As the downturn in global oil prices sends Africa’s largest economy into recession, New Civil Engineer examines the country’s infrastructure investment programme.
Nigeria relies on black gold. Before the recession hit this year, the country took 90% of its export earnings from oil and gas. As the market price dropped, the government’s revenue fell by half and import prices jumped.
Concurrently, pipeline sabotage by rebel groups continued to disrupt the country’s existing oil supply.
This means that Nigeria faces a dilemma when it comes to updating its ageing infrastructure. The country invested heavily during the 1970s, but population increase and degradation over the years mean that there is a need to expand and renew the country’s infrastructure.
“The slowdown has two impacts: it hurts and it helps. It hurts, of course, because most immediately there is less money for everything. The government’s budget has contracted sharply at a time when the improved approach to PPP [public private partnerships] has yet to leverage significant private investment into infrastructure sectors,” Mark Tomlinson, Nigeria Infrastructure Advisory Facility’s managing director, told New Civil Engineer.
“Budget spending is being scrutinised ever more closely to select project priorities against the most binding infrastructure constraints to growth.”
“Many projects which in fairer times doubtless would have found their way into the federal capital budget have been either rescheduled or deferred indefinitely. The pace of infrastructure development and delivery has clearly slowed. On the plus side, it is reasonable to anticipate the budget discipline which these tough times have necessitated, facilitated by the new project screening tools available to the leadership, will achieve a step change in the ‘value for money’ and development impact Nigeria obtains from its capital budget,” he added.
Tomlinson pointed to screening processes for projects that avoid “budget stuffing”, and frustrate pet projects for senior figures as one positive development from constrained budgets.
With money scarce, there’s more pressure to keep a watch on vanity projects and insidious growth in project budgets.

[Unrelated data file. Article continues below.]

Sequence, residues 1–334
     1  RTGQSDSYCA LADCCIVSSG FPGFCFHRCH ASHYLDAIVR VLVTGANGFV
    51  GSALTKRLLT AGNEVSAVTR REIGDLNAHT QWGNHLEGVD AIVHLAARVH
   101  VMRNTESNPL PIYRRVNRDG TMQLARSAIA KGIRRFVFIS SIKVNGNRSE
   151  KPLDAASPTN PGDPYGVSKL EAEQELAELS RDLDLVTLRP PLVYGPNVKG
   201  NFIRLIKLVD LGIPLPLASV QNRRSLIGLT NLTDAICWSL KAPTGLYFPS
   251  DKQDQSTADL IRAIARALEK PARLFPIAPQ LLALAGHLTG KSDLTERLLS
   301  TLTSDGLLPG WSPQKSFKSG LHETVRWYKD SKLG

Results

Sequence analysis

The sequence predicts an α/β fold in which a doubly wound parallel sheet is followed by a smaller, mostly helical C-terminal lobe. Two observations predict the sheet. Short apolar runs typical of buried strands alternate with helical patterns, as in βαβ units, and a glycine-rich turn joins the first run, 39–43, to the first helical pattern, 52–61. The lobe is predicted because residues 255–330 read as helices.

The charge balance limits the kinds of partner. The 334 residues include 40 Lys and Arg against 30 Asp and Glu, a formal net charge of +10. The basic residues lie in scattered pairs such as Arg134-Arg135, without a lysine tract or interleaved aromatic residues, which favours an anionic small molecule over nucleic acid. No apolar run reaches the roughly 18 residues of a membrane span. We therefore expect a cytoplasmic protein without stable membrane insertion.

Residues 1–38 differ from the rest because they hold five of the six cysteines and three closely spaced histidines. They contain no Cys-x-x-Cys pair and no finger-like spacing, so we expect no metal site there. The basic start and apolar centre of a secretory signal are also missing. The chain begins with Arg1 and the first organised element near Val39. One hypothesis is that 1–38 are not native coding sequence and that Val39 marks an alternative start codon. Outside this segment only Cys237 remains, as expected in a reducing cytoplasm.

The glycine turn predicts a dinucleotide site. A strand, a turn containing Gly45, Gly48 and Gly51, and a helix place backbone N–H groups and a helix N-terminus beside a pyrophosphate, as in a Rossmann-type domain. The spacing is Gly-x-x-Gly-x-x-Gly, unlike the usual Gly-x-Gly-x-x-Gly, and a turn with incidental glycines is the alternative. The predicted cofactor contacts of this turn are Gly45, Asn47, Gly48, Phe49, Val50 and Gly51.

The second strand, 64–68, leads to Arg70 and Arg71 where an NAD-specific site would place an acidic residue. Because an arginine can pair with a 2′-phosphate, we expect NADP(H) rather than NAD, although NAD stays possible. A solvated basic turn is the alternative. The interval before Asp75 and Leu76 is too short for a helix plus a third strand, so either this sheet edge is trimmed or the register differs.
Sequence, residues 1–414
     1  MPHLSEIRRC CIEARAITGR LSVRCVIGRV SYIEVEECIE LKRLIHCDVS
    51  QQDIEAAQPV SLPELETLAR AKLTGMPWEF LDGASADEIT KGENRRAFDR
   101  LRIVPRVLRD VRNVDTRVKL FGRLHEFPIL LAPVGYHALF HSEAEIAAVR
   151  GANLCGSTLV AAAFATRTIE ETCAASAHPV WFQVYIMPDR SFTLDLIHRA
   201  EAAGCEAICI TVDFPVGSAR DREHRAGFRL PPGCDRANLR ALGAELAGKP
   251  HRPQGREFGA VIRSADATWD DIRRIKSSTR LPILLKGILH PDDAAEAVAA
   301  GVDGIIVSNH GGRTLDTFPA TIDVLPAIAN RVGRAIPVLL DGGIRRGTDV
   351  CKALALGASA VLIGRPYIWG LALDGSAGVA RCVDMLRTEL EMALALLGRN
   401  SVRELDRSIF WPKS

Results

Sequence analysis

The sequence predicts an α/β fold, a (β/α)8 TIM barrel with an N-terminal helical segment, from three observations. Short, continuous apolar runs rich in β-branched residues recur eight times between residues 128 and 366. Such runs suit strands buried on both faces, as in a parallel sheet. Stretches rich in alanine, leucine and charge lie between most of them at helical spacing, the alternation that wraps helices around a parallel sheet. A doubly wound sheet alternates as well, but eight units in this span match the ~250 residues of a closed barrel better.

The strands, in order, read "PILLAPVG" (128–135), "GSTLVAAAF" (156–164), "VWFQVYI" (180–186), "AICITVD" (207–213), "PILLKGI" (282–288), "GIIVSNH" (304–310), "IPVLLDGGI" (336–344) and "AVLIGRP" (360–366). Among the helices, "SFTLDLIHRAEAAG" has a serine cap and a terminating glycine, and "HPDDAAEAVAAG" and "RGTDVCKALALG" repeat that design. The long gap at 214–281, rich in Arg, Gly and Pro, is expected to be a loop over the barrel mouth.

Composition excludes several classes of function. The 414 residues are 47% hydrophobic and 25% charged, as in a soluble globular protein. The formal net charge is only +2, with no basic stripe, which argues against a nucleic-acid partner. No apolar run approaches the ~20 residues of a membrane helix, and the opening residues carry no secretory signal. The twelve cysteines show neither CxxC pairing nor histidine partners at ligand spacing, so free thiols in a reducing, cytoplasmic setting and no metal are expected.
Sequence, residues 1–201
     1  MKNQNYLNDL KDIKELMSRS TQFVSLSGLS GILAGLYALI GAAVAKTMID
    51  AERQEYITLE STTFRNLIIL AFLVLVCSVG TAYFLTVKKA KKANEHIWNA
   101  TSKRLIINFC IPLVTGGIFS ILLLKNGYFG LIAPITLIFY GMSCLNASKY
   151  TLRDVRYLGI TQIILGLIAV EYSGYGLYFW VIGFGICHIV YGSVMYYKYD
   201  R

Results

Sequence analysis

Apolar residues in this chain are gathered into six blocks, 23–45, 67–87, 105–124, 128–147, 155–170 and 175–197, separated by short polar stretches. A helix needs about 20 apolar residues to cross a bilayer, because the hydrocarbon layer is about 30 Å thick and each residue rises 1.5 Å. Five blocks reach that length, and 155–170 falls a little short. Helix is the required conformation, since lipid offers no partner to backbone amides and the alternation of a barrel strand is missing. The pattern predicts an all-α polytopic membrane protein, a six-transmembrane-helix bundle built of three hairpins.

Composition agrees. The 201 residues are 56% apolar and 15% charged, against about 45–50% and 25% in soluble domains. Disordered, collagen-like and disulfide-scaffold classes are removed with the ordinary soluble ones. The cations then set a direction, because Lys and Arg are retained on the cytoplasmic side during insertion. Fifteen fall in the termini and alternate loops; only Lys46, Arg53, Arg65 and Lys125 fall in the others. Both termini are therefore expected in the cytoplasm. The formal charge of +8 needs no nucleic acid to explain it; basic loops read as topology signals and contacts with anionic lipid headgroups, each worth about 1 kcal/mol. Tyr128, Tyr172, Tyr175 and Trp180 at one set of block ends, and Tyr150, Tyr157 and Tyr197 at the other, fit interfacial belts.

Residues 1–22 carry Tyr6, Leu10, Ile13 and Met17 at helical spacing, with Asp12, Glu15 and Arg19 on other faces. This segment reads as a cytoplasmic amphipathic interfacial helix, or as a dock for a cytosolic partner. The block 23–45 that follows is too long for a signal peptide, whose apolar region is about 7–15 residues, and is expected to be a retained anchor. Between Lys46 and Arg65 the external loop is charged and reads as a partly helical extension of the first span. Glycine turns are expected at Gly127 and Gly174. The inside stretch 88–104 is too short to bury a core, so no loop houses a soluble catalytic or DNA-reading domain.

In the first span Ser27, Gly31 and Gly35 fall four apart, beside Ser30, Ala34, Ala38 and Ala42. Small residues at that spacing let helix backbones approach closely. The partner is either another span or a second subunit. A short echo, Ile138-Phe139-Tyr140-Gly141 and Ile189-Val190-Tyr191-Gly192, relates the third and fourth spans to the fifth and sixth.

“It is generally realised that the priorities of the Nigeria government in the last 10 years have centred around infrastructure, manpower, and housing developments as well as economic diversification to reduce dependency on crude oil export—all of which directly or indirectly bear on both national and urban productivity/growth,” Victor U. Onyebueke, senior lecturer in the Department of Urban and Regional Planning, University of Nigeria told New Civil Engineer.
“For instance, the Nigerian Power Sector Reforms introduced in 2005 increasing efficiency and output through private sector investment and participation, and measured successes have been recorded here and in other sectors of the economy. The grandiose rail projects concessioned to China Civil Engineering Construction Corporation (CCECC) that is underway is also a case in point. In spite of this, the urban planning challenges inherent in the coordination and orientation of these large-scale projects, whether undertaken by state or federal government, to urban goals and visions are hardly ever taken into consideration,” he added.
Investment in infrastructure has averaged 6%-7% of GDP, which is half the investment rate sustained by other emerging economies.
“Significant constraints to Nigeria’s infrastructure include limited availability of public funding, challenges in procuring, implementing and maintaining public infrastructure and an additional set of challenges around creating conditions needed to attract investment into infrastructure,” explained Tomlinson.
“In recent years strong progress has been made on each of these fronts, including by the administration of President Buhari. But the challenge remains a steep one. For example, access to electric power, at 142kWh per person annually remains one of the lowest in the world and a sharp constraint to growth in the non-oil economy.
“A particularly difficult inheritance has been the legacy of underspend on infrastructure maintenance. The impact is little short of tragic. In the roads sector, for example, about two-thirds of Nigeria’s state and local road network of 13,000km has deteriorated beyond maintenance: a substantial portion of the network requires renovation or rebuilding.
“Across the whole of infrastructure the underspend has reduced asset lifetimes, so that roads, bridges, irrigation systems and rail facilities come up for replacement long before their nominal technical lifetime. This adds further pressure on capital spending, by loading in replacement projects much earlier than normally would be required.”
But Tomlison believes that continued reforms to privatise the infrastructure sector are the solution, with moves to privatise the bankrupt power sector generating interest from investors looking for long-term investment – especially in the solar sector.
That’s one prospect for the future, but it’s only one.
“The grave shortcomings of neoliberalism coupled with the development success recorded by China and other nations employing Keynesian-type planning have shown us that Nigeria need to do more than merely ‘taking the driving seat’,” said Onyebueke
“In as much as the grassroots development aspiration in the urban domain should not be frustrated, state-based urban planning machinery needs to be strengthened to handle the increasing challenges of fast growing cities, urban poverty and inequality, climate change, and other critical issues confronting the 21st century city.”